Why Charters Skim, and Why They Should Stop

Matthew DiCarlo of Shanker Blog deconstructs the larger meaning of the excellent Reuters article on selection practices of charter schools.

So, in the “traditional” model, public schools are supposed to be “general practitioners” – they must accept all students and serve them well. The charter/choice model, on the other hand, takes a somewhat different view – schools must accept those who apply, but different models will work well for different students. If we make schools compete for those students by giving their parents a choice, this will encourage schools to develop varying models, and to attract and retain those students for whom their approach is well-suited.
….For example, the flagship model of the charter movement is the high-cost, high-intensity approach of so-called “no excuses” schools, which rely on practices such as tutoring, extremely long school days and rigid discipline policies. But not all students, regardless of their backgrounds, thrive under these conditions, and so some of them leave (or don’t apply in the first place). Despite all the controversy about this selection and attrition, it is a crucial element of a choice-based system – students who don’t fit in well with a given approach will go elsewhere.
….In other words, one might speculate that the sheer extent to which raw absolute testing outcomes are judge and jury serves as an impediment to the “something for everyone” end goal of school choice. So long as these measures are the coin of the realm, operators will tend to compete and innovate for higher test scores, and there may be less incentive to cater to constituencies or develop/expand models that are not necessarily compatible with this priority. (emphasis mine)

These regular public schools take everyone they get, but there is a de facto screening process of sorts, by which entry into the schools requires income sufficient to live in the area. Put simply, if you can’t afford to live in a “good” school district, your children can’t attend its schools. That is one big reason why regular public schools are heavily segregated by race, ethnicity and income.

In brief: of course charters are selective. As specialists, that’s their job. And in each district, comprehensive schools act as the “general practitioners” who take all comers. But hey, before you get all righteous about it, public comprehensive schools in desirable districts are exercising choice, and this, too, is a bad thing we should fix.

I like DiCarlo’s work, but this line of thinking is disingenuous crap.

First, catch that guilt trip! All you folks opposed to charter schools, remember that public schools are viciously, ruthlessly, sorting by income. Sure, charters are sorting by ability, but only those kids shut out in the cold after geography does the job.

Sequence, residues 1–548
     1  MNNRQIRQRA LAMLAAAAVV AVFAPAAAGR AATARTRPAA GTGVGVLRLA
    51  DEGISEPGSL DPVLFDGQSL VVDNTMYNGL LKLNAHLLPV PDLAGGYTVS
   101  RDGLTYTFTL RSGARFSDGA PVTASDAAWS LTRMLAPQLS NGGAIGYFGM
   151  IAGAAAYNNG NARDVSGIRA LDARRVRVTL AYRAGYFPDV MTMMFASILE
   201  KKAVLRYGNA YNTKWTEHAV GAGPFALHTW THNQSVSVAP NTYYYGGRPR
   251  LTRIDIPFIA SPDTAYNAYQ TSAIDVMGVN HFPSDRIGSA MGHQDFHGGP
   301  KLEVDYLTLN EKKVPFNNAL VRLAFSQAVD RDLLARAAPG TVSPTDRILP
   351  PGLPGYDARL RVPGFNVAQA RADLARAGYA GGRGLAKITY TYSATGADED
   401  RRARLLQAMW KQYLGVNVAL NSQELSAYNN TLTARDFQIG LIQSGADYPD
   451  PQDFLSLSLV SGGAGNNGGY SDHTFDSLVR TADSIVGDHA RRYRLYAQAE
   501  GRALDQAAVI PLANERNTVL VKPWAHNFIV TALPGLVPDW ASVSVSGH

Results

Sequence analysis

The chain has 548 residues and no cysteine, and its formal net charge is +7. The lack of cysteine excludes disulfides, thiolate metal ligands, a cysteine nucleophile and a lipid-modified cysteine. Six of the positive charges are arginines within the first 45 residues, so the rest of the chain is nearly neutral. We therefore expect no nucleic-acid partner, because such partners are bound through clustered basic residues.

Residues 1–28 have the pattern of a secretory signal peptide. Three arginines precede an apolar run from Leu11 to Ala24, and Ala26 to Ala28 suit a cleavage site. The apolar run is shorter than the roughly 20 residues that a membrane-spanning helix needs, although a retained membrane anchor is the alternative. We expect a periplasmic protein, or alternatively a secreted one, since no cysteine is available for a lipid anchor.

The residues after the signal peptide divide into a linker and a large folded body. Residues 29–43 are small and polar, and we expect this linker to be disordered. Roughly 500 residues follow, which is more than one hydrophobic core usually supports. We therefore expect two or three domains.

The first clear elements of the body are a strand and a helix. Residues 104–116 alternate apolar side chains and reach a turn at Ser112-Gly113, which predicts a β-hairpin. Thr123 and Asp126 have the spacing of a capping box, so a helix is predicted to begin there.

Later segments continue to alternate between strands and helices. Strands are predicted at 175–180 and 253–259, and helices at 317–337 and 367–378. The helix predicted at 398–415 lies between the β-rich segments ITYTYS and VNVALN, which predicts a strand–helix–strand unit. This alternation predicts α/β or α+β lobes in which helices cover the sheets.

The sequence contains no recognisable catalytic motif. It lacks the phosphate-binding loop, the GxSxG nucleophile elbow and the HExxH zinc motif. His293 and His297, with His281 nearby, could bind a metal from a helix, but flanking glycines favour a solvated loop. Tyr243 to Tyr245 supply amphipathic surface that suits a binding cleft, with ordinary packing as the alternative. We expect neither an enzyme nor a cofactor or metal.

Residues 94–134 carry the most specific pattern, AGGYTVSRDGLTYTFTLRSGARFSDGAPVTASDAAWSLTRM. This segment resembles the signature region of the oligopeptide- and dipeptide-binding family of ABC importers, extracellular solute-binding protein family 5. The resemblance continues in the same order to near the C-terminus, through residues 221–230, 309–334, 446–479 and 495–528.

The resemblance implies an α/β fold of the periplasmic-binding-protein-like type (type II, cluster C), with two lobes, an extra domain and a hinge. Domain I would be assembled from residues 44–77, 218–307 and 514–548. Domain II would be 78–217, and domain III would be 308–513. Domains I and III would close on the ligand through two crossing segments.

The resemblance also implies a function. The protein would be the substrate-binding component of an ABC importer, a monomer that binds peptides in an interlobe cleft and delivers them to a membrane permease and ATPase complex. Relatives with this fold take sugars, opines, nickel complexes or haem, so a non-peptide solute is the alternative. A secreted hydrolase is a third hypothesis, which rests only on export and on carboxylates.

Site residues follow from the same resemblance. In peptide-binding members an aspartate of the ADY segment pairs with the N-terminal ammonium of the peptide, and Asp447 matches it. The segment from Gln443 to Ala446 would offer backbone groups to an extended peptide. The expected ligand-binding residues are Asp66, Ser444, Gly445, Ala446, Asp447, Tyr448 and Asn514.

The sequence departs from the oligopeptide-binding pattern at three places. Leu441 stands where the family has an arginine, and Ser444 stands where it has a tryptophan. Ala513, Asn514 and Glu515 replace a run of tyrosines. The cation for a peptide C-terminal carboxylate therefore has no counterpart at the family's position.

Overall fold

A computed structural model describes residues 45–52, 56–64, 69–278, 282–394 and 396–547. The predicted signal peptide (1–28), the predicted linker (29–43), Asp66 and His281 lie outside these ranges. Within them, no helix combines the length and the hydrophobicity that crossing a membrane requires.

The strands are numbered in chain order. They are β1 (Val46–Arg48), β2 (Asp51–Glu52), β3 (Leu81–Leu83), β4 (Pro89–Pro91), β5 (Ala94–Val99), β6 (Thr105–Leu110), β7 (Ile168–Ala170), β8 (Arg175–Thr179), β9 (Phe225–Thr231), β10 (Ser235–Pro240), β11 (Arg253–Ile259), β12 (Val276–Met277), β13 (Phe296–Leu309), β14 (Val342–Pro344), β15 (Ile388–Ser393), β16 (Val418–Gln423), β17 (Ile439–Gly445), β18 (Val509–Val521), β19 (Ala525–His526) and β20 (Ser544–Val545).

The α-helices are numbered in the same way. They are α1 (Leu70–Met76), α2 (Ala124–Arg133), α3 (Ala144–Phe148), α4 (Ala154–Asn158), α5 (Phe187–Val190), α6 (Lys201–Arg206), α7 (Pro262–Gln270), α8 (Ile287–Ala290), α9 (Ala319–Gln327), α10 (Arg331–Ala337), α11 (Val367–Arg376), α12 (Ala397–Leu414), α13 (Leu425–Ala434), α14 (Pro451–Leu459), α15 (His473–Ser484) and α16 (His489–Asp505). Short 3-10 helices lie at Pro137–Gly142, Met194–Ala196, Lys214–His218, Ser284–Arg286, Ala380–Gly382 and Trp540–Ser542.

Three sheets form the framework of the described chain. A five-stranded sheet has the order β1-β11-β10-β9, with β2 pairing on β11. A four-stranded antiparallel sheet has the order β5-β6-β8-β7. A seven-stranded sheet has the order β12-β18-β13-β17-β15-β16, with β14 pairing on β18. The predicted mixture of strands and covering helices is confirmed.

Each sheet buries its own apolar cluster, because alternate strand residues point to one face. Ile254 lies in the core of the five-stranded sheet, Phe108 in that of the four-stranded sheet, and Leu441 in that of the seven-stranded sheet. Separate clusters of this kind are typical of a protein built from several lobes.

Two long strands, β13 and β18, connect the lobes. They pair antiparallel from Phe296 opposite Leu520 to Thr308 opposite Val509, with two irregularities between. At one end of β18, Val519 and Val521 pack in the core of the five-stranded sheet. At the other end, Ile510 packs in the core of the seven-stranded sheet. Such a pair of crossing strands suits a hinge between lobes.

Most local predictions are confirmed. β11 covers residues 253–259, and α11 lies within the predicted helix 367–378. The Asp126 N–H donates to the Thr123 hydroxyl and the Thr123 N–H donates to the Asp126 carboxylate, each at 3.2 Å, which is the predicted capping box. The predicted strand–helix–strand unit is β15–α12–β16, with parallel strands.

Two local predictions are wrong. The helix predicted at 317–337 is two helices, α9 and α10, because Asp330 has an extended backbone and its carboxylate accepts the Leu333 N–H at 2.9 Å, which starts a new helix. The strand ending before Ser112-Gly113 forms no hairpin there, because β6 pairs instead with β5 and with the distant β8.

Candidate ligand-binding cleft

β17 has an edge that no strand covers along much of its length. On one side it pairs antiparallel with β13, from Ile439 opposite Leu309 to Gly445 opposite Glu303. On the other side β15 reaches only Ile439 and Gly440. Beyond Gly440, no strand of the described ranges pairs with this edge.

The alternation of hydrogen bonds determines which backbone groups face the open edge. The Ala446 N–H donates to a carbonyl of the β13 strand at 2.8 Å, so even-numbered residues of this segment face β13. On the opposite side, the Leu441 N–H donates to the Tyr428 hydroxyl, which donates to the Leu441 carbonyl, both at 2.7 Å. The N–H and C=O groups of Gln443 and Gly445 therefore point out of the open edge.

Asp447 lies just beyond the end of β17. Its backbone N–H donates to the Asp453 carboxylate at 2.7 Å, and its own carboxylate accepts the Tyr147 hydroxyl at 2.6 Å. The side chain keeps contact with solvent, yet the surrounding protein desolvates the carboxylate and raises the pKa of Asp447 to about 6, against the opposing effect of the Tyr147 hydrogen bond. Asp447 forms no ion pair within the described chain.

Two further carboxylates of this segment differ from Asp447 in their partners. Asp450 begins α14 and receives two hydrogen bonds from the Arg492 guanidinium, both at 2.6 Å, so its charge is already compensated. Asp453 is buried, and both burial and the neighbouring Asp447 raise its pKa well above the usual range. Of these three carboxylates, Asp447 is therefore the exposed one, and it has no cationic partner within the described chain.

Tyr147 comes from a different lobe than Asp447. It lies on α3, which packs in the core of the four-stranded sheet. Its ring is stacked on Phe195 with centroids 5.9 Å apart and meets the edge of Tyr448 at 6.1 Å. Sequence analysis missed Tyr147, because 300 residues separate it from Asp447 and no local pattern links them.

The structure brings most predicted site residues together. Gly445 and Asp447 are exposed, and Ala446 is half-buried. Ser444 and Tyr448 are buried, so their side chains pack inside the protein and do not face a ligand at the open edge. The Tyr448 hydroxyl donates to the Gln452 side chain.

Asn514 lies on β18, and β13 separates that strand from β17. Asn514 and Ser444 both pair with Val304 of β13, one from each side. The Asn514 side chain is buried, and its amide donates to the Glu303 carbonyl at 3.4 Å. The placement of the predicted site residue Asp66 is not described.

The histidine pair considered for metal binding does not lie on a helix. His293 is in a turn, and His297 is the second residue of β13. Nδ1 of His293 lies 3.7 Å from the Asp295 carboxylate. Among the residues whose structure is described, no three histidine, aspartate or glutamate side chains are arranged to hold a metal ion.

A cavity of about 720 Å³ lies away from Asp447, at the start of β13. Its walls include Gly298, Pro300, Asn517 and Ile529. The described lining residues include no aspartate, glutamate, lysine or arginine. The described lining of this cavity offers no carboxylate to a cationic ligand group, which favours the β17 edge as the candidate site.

Then there’s diCarlo’s acknowledgement that while, in theory, each charter could specialize in teaching a different category of kids, in practice, they all want to raise test scores.

But hey, sorting’s reasonable—not the probably illegal methods outlined in Reuters, but the behavioral requirements sorting and academic expectations sorting and all the other tacit methods of getting rid of the unmotivated. Don’t get fussed about charter sorting unless you’re going to go nuclear over those dastardly rich folks keeping their schools free of pesky black or Hispanic poor people.

So let’s see. Public schools belong to districts. Any child in that district can attend the school. The public schools are ferociously bound by state, federal, and constitutional law. But because Americans self-segregate by income, these schools are morally equivalent to charter schools that take public funds, limit/select their population—and then brag about their success in raising test scores while pretending they aren’t selecting.

Di Carlo ignores the fact that charter school “success”, achieved by this selection, is used to condemn those “general practitioner” schools required to take the leftovers that none of the charters want. Charter school “success” at educating blacks and Hispanics is further used to pummel all schools, rich or poor, who have an achievement gap. Since charter schools can improve on the achievement gap, slightly (none of them have even come close to closing the gap), their “success” is portrayed as an indictment of all teachers, those lazy, fat, union-dependent slobs who just want to phone it in and teach “easy” kids and pretend that the other kids just can’t be taught. Moreover, the “general practitioner” schools forced to take all comers are portrayed as “failing schools” and face risk of closure for not doing as well as the “specialist” schools—except, remember, we’re pretending they aren’t specialists. But that’s okay, because we can start more charters to take on the kids that no one wants, but of course, those schools will “fail” as well—and, since they aren’t bound by the same rules as the true publics, they’ll be able to get away with all sorts of shenanigans.